Inability of Aberdeen economy to cope with North Sea losses should be ‘wake-up call’ says business boss

Scotland should focus on a UK-wide Brexit deal rather than constitutional issues in order to grow the economy, the head of a leading business group has said.

CBI president Paul Drechsler said Holyrood and Westminster need to work together, with businesses, adding “a successful UK economy needs all its component parts firing on all cylinders”.

Mr Drechsler also spoke of the need to diversify Scotland’s economy from its reliance on the offshore sector, and highlighted companies’ difficulties with business rates.

He stressed that what he sees as an inability of the Aberdeen economy to cope with losses in the North Sea industry due to lack of diversity should be a “wake-up call for everyone”.

He said: “The best thing the Scottish Government could do is focus on things will help business and help the economy. By thinking creatively in the pursuit of growth. Growth that will lead to other sectors, not just oil and financial services, taking the strain.”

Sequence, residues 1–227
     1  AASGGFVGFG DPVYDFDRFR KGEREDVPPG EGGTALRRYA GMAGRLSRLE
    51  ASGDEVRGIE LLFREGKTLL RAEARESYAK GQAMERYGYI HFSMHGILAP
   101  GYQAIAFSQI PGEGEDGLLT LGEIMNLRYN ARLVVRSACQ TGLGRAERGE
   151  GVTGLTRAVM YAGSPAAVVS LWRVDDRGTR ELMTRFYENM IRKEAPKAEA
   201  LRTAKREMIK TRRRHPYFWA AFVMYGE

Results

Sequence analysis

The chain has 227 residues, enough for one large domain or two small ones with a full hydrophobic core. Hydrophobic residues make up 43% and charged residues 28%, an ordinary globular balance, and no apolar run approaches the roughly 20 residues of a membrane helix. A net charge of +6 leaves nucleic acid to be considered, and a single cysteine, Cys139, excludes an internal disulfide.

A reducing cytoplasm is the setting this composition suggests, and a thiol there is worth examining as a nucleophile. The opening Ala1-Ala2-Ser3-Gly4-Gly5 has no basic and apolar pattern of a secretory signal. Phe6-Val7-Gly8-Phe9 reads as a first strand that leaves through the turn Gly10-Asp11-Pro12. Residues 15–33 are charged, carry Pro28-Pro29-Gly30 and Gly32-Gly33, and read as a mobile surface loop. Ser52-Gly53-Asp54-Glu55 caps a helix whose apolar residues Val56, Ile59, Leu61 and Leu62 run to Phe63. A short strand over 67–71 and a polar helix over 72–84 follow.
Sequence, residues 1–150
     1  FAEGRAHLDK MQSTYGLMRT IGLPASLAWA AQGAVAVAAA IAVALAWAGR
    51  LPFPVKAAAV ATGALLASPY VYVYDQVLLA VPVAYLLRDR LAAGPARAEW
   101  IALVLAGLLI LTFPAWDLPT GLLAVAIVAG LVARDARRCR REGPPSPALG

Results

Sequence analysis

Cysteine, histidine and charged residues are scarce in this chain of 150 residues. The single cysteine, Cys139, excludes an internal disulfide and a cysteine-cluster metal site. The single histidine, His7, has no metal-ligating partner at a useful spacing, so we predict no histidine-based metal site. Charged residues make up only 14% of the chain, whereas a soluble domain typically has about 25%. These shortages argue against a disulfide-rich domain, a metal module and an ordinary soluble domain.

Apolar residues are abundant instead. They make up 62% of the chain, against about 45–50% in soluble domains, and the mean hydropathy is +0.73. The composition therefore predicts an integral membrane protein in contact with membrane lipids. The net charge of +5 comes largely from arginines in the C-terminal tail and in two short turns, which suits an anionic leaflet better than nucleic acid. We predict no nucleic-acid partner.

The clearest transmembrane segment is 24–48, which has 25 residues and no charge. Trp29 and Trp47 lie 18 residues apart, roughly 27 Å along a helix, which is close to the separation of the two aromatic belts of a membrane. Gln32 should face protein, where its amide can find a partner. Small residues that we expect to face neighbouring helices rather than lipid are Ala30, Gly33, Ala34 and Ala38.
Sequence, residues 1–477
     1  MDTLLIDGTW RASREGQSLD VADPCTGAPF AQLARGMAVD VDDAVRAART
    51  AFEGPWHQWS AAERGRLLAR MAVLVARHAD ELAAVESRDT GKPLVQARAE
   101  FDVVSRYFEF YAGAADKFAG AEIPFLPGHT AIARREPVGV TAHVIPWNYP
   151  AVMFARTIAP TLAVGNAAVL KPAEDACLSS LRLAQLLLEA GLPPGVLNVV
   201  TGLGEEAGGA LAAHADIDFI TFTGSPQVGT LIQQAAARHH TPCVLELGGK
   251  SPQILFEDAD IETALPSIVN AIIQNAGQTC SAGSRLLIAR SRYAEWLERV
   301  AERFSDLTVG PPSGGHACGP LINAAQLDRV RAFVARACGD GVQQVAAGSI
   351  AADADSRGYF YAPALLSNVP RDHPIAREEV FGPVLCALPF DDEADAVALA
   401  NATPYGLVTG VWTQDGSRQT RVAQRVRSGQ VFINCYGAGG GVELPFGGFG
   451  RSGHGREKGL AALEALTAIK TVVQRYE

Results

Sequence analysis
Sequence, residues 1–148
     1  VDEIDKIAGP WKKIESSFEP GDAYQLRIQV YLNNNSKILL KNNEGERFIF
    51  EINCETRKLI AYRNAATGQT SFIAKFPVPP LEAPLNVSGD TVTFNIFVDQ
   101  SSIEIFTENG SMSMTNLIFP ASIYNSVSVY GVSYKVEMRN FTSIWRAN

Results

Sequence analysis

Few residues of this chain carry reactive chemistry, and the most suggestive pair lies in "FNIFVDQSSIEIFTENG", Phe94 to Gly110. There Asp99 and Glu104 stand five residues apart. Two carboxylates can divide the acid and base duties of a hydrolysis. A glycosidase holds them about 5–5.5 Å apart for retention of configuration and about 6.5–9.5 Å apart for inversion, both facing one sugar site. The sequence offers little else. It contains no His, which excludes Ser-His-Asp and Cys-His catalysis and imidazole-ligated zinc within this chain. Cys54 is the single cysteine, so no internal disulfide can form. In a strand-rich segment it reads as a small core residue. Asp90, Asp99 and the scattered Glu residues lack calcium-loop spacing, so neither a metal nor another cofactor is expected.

On business rates, he said: “We want to see rates reform fast-tracked. And ideally, we’d see costings and economic impact assessments in the future Budget process, to make sure that people consider the real impact of any changes.”

Murdo Fraser, Scottish Conservative finance spokesman, said: “The CBI has spoken for job creators and workers all over Scotland. We have had enough of the SNP’s endless constitutional division. We desperately need a government focused on the day job.

“Nicola Sturgeon must listen. Scotland is on the brink of a recession. That’s because the SNP’s unwanted demand for a second referendum has slammed the brakes on Scotland’s economy.”

Addressing the CBI Scotland annual lunch in Edinburgh on Friday, he said: “Everybody knows that business abhors uncertainty. And it doesn’t matter how keen Scottish businesses are to thrive, at the moment there’s more than enough uncertainty to go round.

“That’s why we at the CBI think that the current priority should be clarity on what a future UK-EU deal could look like, and ensuring the needs of Scotland are included. Rather than constitutional issues.

“The new UK government, whoever it is, will have to take action quickly. In particular, they should secure the status of EU citizens in the UK, rule out a collapse into World Trade Organisation trade rules, and start conversations about our future trading relationship with the EU as soon as possible. And all the while taking Scotland, and the other devolved nations, with them.

“These three quick wins could get negotiations off to a cracking start… and help give business the certainty it needs to hire and invest.”

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